media can help to reduce the likelihood of 'Death by PowerPoint' occurring during
a presentation.
The Anti PowerPoint Party (founded in May 2011) is a Swiss political party
dedicated to decrease professional use of PowerPoint and other presentation
software, which the party claims "causes national-economic damage amounting to
2.1 billion CHF" and lowers the quality of a presentation in "95% of the cases".
The party advocates flip charts as an alternative to presentation software.
“PowerPoint hell” is the tedium some people report on sitting
through PowerPoint visual presentations that are too long and complex, making
excessive use of the software’s features and when the presenter just reads from the
Retired Marine Colonel Thomas X. Hammes says that this effect, which he calls
“hypnotizing chickens”, is useful when the goal is to avoid divulging information,
as in military press briefings.

Add-on tools like YawnBuster and PowerMockup help reduce boredom from
PowerPoint presentations by making them more interactive. A presenter can add
interactivities to the presentation which increase the audience involvement.

Military excess
A “PowerPoint Ranger” is a military member who relies heavily on presentation
software to the point of excess. Some junior officers spend the majority of their
time preparing PowerPoint slides.
Because of its usefulness for
presenting mission briefings, it has become part of the culture of the
but is regarded as a poor decision-making tool.
As a result some
generals, such as Brigadier-General Herbert McMaster, have banned the use of
PowerPoint in their operations.
In September 2010, Colonel Lawrence Sellin
was fired from his post at the ISAF for publishing a piece critical of the over-
dependence of military staffs on the presentation method and bloated

PowerPoint Viewer
Microsoft Office PowerPoint Viewer is a program used to run presentations on
computers that do not have PowerPoint installed. Office PowerPoint Viewer is
added by default to the same disk or network location that contains one or more
presentations packaged by using the Package for CD feature.
PowerPoint Viewer is installed by default with a Microsoft Office 2003 installation
for use with the Package for CD feature. The PowerPoint Viewer file is also
available for download from the Microsoft Office Online Web site.
Presentations password-protected for opening or modifying can be opened by
PowerPoint Viewer. The Package for CD feature allows packaging any password-
protected file or setting a new password for all packaged presentations. PowerPoint
Viewer prompts for a password if the file is open password-protected.
PowerPoint Viewer supports opening presentations created using PowerPoint 97
and later. In addition, it supports all file content except OLE objects and scripting.
PowerPoint Viewer is currently only available for computers running on Microsoft
Versions for Microsoft Windows include:
 1990 PowerPoint 2.0 for Windows 3.0
 1992 PowerPoint 3.0 for Windows 3.1
 1993 PowerPoint 4.0 (Office 4.x)
 1995 PowerPoint for Windows 95 (version 7.0; Office 95)
 1997 PowerPoint 97 (version 8.0; Office 97)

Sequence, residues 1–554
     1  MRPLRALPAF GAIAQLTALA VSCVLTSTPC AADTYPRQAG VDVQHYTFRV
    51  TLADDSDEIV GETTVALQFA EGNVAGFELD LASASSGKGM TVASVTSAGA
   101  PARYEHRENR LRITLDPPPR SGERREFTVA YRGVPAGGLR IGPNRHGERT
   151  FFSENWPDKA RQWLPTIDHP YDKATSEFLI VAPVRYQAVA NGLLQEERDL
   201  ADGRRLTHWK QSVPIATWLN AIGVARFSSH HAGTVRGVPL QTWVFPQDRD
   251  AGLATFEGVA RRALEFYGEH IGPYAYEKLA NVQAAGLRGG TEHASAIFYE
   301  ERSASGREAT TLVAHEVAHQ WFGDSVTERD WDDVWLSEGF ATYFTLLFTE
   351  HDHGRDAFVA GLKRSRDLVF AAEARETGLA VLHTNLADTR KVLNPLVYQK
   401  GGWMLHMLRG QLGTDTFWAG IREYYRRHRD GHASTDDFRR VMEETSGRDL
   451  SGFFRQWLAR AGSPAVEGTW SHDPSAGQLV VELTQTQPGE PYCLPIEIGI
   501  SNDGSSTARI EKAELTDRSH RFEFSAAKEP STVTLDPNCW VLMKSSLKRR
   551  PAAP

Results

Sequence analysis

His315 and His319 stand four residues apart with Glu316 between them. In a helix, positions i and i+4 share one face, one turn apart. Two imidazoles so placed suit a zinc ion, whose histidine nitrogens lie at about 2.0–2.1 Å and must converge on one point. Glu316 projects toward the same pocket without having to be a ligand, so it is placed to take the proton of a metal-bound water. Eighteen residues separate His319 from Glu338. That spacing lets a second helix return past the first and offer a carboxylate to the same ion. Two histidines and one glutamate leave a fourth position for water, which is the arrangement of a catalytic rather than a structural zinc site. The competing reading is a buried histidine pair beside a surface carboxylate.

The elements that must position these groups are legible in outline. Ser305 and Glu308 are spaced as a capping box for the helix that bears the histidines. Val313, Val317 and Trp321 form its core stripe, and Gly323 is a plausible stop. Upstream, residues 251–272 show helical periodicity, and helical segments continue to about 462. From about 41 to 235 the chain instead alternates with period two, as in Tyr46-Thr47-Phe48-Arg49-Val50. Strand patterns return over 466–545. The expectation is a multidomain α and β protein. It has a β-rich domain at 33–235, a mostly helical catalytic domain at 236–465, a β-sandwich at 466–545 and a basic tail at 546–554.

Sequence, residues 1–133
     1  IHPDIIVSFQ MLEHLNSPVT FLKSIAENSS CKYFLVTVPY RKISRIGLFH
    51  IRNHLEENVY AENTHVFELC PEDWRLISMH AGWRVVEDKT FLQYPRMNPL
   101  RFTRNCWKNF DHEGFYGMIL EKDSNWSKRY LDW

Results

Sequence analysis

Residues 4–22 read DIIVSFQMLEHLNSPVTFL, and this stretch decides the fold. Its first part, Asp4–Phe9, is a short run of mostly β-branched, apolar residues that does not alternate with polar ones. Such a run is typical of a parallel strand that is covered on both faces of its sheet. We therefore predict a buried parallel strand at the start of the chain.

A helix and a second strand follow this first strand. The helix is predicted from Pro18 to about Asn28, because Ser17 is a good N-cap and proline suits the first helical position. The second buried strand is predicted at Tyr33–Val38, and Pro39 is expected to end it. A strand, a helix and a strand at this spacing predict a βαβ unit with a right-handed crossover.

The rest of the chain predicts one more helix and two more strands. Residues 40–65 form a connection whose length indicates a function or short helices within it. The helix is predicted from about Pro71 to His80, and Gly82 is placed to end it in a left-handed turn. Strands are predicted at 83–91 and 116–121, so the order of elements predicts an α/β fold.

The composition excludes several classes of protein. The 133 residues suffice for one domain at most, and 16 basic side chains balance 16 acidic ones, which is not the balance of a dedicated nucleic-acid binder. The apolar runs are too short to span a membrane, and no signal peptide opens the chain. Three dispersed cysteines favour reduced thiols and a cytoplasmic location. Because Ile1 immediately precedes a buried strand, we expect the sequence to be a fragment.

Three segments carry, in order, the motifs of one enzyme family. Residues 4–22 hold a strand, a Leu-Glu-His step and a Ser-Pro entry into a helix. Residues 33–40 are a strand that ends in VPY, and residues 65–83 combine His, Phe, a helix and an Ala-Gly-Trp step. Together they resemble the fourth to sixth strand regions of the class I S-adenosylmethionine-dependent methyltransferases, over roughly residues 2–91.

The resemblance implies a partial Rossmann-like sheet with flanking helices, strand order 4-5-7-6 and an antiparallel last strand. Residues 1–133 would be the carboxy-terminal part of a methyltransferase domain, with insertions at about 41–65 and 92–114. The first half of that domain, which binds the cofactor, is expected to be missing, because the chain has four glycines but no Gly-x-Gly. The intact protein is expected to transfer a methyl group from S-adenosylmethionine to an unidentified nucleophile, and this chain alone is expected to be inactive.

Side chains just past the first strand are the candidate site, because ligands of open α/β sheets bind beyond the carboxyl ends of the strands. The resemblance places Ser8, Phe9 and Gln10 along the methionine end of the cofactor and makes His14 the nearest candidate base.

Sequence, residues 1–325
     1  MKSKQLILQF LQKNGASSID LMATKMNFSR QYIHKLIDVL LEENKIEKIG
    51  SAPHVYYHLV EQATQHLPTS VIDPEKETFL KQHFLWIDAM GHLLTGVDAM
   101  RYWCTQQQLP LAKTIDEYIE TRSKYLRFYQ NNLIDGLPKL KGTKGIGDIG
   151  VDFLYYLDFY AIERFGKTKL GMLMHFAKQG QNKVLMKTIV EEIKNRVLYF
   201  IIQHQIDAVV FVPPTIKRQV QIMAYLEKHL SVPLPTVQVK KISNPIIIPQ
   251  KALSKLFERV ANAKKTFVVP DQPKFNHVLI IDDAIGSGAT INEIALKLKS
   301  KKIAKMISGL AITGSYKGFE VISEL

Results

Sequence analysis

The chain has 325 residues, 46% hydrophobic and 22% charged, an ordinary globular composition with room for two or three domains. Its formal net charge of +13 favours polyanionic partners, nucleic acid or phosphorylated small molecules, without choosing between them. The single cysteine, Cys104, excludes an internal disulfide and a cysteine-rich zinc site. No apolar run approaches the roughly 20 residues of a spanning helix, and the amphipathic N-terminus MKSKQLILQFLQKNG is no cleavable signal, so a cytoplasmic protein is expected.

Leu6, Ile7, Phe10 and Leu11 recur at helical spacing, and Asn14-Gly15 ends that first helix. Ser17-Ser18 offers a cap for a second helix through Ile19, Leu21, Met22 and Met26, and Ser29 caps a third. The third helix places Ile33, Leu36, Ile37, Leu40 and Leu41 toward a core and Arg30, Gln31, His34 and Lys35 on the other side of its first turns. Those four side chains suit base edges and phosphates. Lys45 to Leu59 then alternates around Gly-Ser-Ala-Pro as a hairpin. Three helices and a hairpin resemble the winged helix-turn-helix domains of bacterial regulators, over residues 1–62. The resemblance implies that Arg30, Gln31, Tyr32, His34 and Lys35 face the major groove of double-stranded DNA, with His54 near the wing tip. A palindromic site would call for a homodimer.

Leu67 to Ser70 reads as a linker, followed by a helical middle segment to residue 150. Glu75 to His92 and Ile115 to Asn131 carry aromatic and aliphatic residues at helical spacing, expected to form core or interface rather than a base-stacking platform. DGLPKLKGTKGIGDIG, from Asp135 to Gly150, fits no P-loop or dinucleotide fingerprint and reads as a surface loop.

 1999 PowerPoint 2000 (version 9.0; Office 2000)
 2001 PowerPoint 2002 (version 10; Office XP)
 2003 Office PowerPoint 2003 (version 11; Office 2003)
 2007 Office PowerPoint 2007 (version 12; Office 2007)
 2010 PowerPoint 2010 (version 14; Office 2010)
 2013 PowerPoint 2013 (version 15; Office 2013)
Note: There is no PowerPoint version 5.0 or 6.0, because the Windows 95
version was launched with Word 7.0. All Office 95 products have OLE 2
capacity—moving data automatically from various programs—and
PowerPoint 7.0 shows that it was contemporary with Word 7.0.
Versions for the Mac OS include:
 1987 PowerPoint 1.0 for Mac OS classic
 1988 PowerPoint 2.0 for Mac OS classic
 1992 PowerPoint 3.0 for Mac OS classic
 1994 PowerPoint 4.0 for Mac OS classic
 1998 PowerPoint 98 (8.0) for Mac OS classic (Office 1998 for Mac)
 2000 PowerPoint 2001 (9.0) for Mac OS classic (Office 2001 for Mac)
 2002 PowerPoint v. X (10.0) for Mac OS X (Office:Mac v. X)
 2004 PowerPoint 2004 (11.0) for Mac OS X Office:Mac 2004
 2008 PowerPoint 2008 (12.0) for Mac OS X Microsoft Office 2008 for
 2010 PowerPoint 2011 (14.0) for Mac OS X Microsoft Office 2011 for
 2013 PowerPoint 2014 (15.0) for Mac OS X (coming soon)
Note: There is no PowerPoint 5.0, 6.0 or 7.0 for Mac. There is no version
5.0 or 6.0 because the Windows 95 version was launched with Word 7. All
of the Office 95 products have OLE 2 capacity—moving data automatically
from various programs—and PowerPoint 7shows that it was contemporary
with Word 7. There was no version 7.0 made for Mac to coincide with either
version 7.0 for Windows or PowerPoint 97.

Microsoft PowerPoint 2011
In PowerPoint 2011, several key features have been added. Screen
Capturing allows for taking a screen capture and adding it into the
document. It is now possible to remove background images, and there are
additional special effects that can be used with pictures, such as 'Pencil
effects'. Additional transitions are also available. However, the ability to
apply certain text effects directly onto existing text, as seen in Microsoft
Word is not available; a separate WordArt text box is still required.
File formats
PowerPoint Presentation
.ppt, .pptx, .pps, or .ppsx
Internet media
Developed by Microsoft
Type of format Presentation

The binary format specification has been available from Microsoft on request, but
since February 2008 the .ppt format specification can be freely downloaded.

In Microsoft Office 2007 the binary file formats were replaced as the default
format by the new XML based Office Open XML formats, which are published as
an open standard. Nevertheless, they are not complete as there are binary
blobs inside of the XML files, and several pieces of behaviour are not specified but
refer to the observed behaviour of specific versions of Microsoft product.